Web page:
Saturday, October 17, 2020

Taking Time with "What Is" -- Knowing Peace in Visceral Fear?


I learned more about fear today. COVID-19 has drawn closer into my already-small pod, with symptoms beginning in a dear friend’s husband, who is also a dear friend. The mindful part of me knows that it’s just a matter of time before COVID draws closer to each and all of us. Six degrees of separation is an even shorter distance in a pandemic than it is in so-called ‘normal’ seasons. I’m writing in the hopes I can name some new awarenesses about fear in the human body--at least in my own body--but also because I’ve landed in a remarkably simple yet difficult breath-practice that I’m finding a powerful complement or container for this pre-election season. The practice is called the welcoming prayer, a contemplative practice from Christian wisdom streams, though it certainly has equivalents in other traditions as well (esp Buddhist wisdom, I’m thinking…). Today, it dawns on me that this experience and this practice may well be a powerful tool in the journeying toward healing our We the People.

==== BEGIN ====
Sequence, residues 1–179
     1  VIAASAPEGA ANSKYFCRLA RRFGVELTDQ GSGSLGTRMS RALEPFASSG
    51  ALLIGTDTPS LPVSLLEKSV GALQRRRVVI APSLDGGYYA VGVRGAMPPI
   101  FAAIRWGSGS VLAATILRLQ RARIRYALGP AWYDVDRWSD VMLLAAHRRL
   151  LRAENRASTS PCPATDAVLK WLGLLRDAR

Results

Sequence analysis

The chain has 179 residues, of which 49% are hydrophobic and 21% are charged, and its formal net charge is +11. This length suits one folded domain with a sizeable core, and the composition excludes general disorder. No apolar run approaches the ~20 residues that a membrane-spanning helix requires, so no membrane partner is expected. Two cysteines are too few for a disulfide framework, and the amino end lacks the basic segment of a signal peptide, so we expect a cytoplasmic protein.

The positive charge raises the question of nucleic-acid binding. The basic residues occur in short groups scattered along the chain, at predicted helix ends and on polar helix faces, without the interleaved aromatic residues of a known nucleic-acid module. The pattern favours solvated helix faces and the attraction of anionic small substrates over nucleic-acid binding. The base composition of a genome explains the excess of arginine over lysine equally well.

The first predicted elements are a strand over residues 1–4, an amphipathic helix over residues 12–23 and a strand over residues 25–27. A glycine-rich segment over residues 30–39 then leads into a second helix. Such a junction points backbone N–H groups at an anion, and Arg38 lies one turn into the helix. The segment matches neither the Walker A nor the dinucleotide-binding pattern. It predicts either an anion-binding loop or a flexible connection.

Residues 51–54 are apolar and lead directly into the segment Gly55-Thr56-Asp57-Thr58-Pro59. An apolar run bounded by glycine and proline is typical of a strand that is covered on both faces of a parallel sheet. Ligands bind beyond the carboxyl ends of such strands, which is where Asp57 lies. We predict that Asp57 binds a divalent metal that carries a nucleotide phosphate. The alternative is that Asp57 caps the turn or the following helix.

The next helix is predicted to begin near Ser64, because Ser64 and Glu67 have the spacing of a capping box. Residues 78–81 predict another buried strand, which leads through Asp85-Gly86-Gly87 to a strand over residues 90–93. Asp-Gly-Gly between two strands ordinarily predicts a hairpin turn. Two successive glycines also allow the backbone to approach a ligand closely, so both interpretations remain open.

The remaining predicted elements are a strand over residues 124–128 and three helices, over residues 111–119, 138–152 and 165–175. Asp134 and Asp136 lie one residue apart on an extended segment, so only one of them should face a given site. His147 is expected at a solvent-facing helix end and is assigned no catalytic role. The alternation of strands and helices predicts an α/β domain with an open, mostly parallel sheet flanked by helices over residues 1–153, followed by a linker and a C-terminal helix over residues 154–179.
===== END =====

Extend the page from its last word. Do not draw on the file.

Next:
First, the fear. When I received word from my friend that her husband had COVID like symptoms, my first response was for him, for her, for what was the plan and any needs to be tended. My body was having a visceral reaction, but I was not paying attention to it yet. When I hung up the phone--an odd phrase for smart-phones these days, I now realize for some reason--a whoosh of sensation and awareness overwhelmed me. I literally got ‘the shakes’ and realized I needed to slow down my breathing in order to steady myself. I’m famous for hyperventilating. [Well, at least I am in the bout of food-poisoning I had on a trip to London with my mom after college graduation, and in the aftermath of a ‘space-flight-simulation’ at the Epcott Center. Tip for that one: avoid orange, go green. People are known to throw-up more on Orange. The barf-bag in the seat pocket should have been a clue for me there. 😏]. Anyway, I’m known to hyperventilate in uncertain situations, so I brought my conscious attention to slowing my breathing, breathing through my nose only, bringing my heart-rate down from its potentially panic-level.